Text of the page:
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State Auto Lot Approved After Mural Taken Down, Garage Plan Dropped

Brent Warren Brent Warren State Auto Lot Approved After Mural Taken Down, Garage Plan DroppedThe plaza planned for the rear of the State Auto offices on East Broad Street. Rendering by WSA Studio and Realm Collaborative.
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The Downtown Commission yesterday approved a plan from State Auto Insurance to build a new surface parking lot and plaza behind the company’s headquarters at 518 E. Broad St.

In May of 2019, the commission had voted to approve a new, four-story parking garage on the site. In order to build the garage, State Auto had also received approval to tear down a warehouse building which held, on on its western wall, a mural painted by Columbus College of Art and Design students that is a reproduction of Aminah Robinson’s “A Street Called Home.”

The demolition approval, as with all such approvals issued by the commission, was conditioned on the new building coming in to replace it. Now that the garage is not being built, some have complained about the sequence of events that led to the loss of the popular mural.

Company spokesperson Kyle Anderson said that the change of plans was an earnest response to changing commuting trends, explaining that CEO Mike LaRocco announced at the end of last year that the company would be reevaluating the need for a new garage.

“We were seeing better than expected participation in transportation alternatives we’d offered our associates,” Anderson said, giving as an example a successful partnership with the local microtransit company SHARE. State Auto also started talking with COTA about providing subsidized bus passes for employees.

The process of reevaluating the garage plan was already underway when the coronavirus pandemic hit and stay-at-home orders were issued, and “more than 95% of our associates were working from home within a matter of days,” Anderson said.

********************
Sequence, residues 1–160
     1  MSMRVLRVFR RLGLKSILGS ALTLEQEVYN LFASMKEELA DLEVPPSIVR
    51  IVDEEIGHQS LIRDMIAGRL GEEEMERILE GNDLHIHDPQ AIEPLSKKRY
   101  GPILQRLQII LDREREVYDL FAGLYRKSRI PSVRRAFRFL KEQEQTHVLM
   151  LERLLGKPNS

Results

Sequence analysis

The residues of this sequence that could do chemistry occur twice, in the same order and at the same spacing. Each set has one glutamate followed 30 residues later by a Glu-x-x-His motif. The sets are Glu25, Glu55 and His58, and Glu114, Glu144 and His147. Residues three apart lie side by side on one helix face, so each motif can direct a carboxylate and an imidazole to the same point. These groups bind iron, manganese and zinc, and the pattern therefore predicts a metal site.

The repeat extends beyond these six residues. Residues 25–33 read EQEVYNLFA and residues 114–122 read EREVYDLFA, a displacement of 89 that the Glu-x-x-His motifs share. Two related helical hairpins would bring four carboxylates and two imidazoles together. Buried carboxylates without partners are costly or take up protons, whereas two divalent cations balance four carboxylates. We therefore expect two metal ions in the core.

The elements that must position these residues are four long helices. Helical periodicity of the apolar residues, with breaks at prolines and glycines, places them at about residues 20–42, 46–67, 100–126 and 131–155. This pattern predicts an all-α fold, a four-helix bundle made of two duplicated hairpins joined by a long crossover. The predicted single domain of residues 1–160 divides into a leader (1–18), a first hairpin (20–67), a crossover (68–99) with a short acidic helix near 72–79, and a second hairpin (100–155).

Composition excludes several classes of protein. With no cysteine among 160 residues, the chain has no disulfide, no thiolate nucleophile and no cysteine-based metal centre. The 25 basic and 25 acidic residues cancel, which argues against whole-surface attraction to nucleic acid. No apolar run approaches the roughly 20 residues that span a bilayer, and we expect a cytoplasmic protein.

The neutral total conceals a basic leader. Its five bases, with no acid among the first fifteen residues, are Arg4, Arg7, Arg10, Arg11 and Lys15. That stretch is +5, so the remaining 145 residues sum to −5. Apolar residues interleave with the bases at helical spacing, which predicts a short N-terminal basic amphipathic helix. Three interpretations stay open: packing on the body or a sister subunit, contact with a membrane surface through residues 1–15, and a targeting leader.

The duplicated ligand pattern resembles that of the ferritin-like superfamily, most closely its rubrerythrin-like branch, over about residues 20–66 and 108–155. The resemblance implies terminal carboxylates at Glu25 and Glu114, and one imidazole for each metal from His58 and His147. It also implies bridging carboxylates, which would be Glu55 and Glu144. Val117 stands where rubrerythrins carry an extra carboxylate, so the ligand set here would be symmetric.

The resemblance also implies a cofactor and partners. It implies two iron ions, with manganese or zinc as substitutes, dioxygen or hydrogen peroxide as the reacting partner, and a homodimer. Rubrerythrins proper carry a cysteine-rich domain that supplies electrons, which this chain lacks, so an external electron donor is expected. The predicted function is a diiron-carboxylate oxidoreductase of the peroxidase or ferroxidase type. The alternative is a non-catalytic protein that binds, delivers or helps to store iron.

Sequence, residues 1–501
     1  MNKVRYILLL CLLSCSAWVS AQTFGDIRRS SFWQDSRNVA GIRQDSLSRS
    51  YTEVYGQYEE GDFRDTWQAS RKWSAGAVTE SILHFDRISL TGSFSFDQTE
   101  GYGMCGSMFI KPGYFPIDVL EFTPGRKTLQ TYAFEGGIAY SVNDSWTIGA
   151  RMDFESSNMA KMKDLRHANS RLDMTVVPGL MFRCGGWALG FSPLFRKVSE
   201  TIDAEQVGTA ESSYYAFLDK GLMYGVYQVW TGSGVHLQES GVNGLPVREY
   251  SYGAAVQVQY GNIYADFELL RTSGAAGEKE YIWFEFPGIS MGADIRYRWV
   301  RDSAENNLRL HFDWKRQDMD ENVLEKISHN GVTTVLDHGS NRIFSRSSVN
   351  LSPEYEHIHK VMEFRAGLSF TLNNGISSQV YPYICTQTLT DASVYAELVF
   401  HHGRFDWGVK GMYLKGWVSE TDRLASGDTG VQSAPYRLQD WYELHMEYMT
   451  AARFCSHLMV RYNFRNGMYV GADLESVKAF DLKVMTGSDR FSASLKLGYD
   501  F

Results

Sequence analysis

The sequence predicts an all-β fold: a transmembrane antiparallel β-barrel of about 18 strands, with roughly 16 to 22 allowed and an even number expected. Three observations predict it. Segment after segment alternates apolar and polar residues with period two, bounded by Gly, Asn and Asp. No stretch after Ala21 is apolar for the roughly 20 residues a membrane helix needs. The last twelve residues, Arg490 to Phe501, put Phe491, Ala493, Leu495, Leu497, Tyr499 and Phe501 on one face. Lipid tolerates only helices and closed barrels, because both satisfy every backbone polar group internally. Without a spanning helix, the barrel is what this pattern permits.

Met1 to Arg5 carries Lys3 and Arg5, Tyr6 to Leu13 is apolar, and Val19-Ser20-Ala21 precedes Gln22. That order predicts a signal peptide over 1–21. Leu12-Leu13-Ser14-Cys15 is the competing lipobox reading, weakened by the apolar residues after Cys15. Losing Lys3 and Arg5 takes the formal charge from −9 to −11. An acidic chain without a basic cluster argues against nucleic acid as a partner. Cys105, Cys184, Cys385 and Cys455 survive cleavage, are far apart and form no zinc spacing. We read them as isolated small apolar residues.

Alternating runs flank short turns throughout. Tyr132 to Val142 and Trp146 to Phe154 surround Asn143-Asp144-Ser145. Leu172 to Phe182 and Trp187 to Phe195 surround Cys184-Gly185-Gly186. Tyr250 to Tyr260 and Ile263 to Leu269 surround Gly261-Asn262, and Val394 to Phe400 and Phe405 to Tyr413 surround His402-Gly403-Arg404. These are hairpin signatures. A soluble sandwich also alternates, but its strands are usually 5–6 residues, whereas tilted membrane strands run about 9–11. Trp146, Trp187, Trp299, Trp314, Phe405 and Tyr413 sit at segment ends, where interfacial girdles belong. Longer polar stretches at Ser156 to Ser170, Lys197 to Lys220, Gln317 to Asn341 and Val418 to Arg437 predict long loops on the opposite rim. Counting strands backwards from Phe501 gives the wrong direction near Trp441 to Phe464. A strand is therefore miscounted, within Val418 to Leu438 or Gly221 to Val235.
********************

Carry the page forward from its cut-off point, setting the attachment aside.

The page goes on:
“To this day, the vast majority of our associates continue to work from home,” he added. “While it’s impossible to predict the long-term impact on the workforce, we fully expect to have more associates working remotely than we had previously, meaning less of a need for the additional parking.”

Greg Tacchetti, Chief Information and Strategy Officer at State Auto, took time during the virtual commission meeting to “set the record straight” about the company’s change of plans and what he believed was unfair criticism about the demolition of the mural.

He stressed that State Auto had met many times with the Columbus Museum of Art, CCAD, and other neighboring institutions to discuss the demolition of the warehouse and the new garage, and that representatives of those institutions did not register any complaints about the plans at that time.

“We’ve committed to Downtown Columbus; we do not do what a lot of other companies do, which is pit cities against each other to try and get tax breaks” Tacchetti said. “Next summer, we’ll celebrate our 100th anniversary [as] a member of the Downtown community…we feel very badly that the plan that we presented was changed by our CEO – that’s his discretion as the CEO – but there was no intent to snooker anybody.” 

The new plan for plaza space and parking behind the State Auto building. Rendering by WSA Studio and Realm Collaborative.

Other Proposals

Also approved at this month’s meeting was the design of an eight-story apartment building that will replace a surface parking lot on Grant Avenue, just north of Broad Street. The new building will be attached to a three-story former office building that is to be renovated as part of the project.

The approval came with the condition that the applicant return with a more fleshed out plan for lighting and artwork – including murals – along the building’s Grant Avenue facade. 

One project that did not get a favorable reception from the commission was a plan to erect two electronic billboards on each side of a railroad bridge that extends over Neil Avenue in the Arena District.

An application for a council variance to allow the two video boards has been submitted to the city, and the commission was being asked to provide a recommendation to City Council – to either support or not support the requested variance. The board voted unanimously against recommending approval of the variance.

Finally, a new-build and renovation on East Rich Street – a proposal that had already been approved by the Historic Resources Commission – was approved yesterday by the Downtown Commission as well.

A proposal to erect video boards above Neil Avenue will next move to City Council.
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